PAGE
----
Intro: 401K Withdrawal? Before You Do, Review the Limits, Penalty, and Early Withdrawal Facts

When you’ve been contributing to your retirement savings account for a while, it might become tempting to consider withdrawing some of those funds. 

Maybe you’ve come on hard times, have expensive medical bills, or you just want to reallocate those funds to a down payment for your first home. 

Unfortunately, withdrawing from 401k money can come with a cost. Do you know the 401k withdrawal penalty?

a brown card with 401k written on it next to a toy skin colored piggy bank onto of a calculator representing withdrawing from 401k

Image Source: BigStock

Here at AdvisoryHQ, we’ve noticed that a lot of consumers seem to be considering 401k withdrawals. However, many individuals are still researching whether this move might be right for them. A 401k early withdrawal comes with some clear disadvantages. We aim to break down the 401k early withdrawal penalty so that you can better understand what you might be losing in the long-term to gain in the short-term.

We will answer key questions, including:

  • Why would you consider a 401k withdrawal?
  • What is the 401k withdrawal penalty?
  • How does the vesting schedule affect me when withdrawing from 401k?

If you need to know more about 401k early withdrawal, we hope you’ll dive right in with us as we explore 401k withdrawals.

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Why Make a 401k Withdrawal?

Recent surveys have shown that in America, the average household has a median amount of approximately $30,000 tucked away in 401k and other thrift savings accounts. It’s only natural to assume that some individuals might want to or need to dip into those funds.

However, with a 401k withdrawal penalty, why do some feel the need to withdraw from these types of accounts?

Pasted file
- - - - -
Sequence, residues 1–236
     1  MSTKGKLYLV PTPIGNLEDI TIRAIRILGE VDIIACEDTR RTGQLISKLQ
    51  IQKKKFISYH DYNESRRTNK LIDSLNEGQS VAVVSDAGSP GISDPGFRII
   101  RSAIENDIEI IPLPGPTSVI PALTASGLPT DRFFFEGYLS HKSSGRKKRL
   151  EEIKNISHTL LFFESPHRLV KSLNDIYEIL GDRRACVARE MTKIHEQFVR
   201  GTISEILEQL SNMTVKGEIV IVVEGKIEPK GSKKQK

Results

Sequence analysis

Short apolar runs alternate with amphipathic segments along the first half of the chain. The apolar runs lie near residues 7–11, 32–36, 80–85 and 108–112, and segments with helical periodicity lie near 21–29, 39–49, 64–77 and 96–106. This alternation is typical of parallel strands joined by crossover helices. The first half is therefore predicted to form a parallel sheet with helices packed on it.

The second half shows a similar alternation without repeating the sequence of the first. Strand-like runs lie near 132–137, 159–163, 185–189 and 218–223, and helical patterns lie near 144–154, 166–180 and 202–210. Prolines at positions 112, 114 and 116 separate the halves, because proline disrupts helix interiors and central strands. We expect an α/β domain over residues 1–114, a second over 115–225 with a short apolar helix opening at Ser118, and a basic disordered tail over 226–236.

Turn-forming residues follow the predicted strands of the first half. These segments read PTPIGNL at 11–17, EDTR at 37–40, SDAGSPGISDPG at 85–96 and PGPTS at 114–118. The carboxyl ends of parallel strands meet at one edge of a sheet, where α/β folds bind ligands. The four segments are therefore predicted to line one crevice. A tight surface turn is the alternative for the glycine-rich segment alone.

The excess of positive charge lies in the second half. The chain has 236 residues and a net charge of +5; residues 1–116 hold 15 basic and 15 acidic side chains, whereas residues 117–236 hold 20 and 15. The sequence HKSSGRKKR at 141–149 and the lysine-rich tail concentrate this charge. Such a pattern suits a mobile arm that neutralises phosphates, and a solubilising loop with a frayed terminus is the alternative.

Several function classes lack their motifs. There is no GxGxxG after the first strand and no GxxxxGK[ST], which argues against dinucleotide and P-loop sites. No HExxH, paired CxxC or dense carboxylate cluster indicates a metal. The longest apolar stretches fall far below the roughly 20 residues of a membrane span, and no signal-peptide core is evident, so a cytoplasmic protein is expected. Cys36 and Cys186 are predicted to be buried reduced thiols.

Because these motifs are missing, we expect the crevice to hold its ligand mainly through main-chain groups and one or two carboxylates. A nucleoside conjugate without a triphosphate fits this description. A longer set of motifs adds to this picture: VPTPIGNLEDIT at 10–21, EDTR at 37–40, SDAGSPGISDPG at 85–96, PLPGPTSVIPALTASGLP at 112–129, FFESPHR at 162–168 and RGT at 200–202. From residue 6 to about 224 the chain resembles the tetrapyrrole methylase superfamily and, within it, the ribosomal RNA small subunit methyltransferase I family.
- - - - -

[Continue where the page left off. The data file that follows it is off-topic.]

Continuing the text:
CNBC recently studied the amount of money that is lost due to withdrawing from 401k accounts early. They came up with the top four reasons that most individuals will consider making a 401k withdrawal:

  • Emergency finances: Under some conditions, you can make a 401k withdrawal without incurring the basic penalty from the IRS, and emergency financial need may fall into this category. If you’ve been unemployed or lost your job after the age of 55, you may very well be able to make a 401k withdrawal without the penalty.
  • Medical reasons: If you’ve satisfied the eligibility requirements, you may be able to consider withdrawing from 401k accounts for medical expenses without incurring the 401k withdrawal penalty. Certain expenses can allow you a 401k early withdrawal without the penalty, as can becoming permanently and totally disabled.
  • Home purchase: First-time homebuyers (or those who haven’t owned a home in the past two years) are allowed one 401k early withdrawal up to $10,000. Experts mostly agree that choosing to withdraw 401k funds for this purpose can be a good investment. After all, a home is not a depreciating asset but a long-term investment that can bring greater value over time.
  • Education: In order to avoid being saddled with student loan debt, many individuals will considering early withdrawal from 401k accounts to cover with their own education or that of their spouse or children. Unfortunately, you do still incur a penalty on this type of 401k withdrawal, and experts say that it isn’t a wise investment. After all, there’s no such thing as a retirement loan.

While not all of the common reasons for removing funds from your 401k account can assist you in avoiding the 401k early withdrawal penalty, some of them certainly can. In a later section, we will dive further into a few common ways that some individuals are able to avoid incurring the 401k withdrawal penalty.

Basic 401k Withdrawal Penalty

There are several facets to consider when taking a look at the 401k withdrawal penalty. While some of them are very dependent on your unique situation, others are consistent across the board. Your vesting schedule and the income tax levied against your 401k early withdrawal will vary depending on your employer’s policies and the type of 401k account you have been investing in.

However, the first aspect of understanding fees associated with early withdrawal from 401k accounts is to grasp the basic tax issued by the IRS.

For the most part, individuals are not typically allowed to withdraw 401k funds until they reach the age of 59½ unless they are totally and permanently disabled, rendering them unable to work. As we already touched on, there are a few exceptions when the IRS will allow you to make a 401k withdrawal without incurring a 401k withdrawal penalty. These might include unemployment, medical expenses, or purchasing your first home.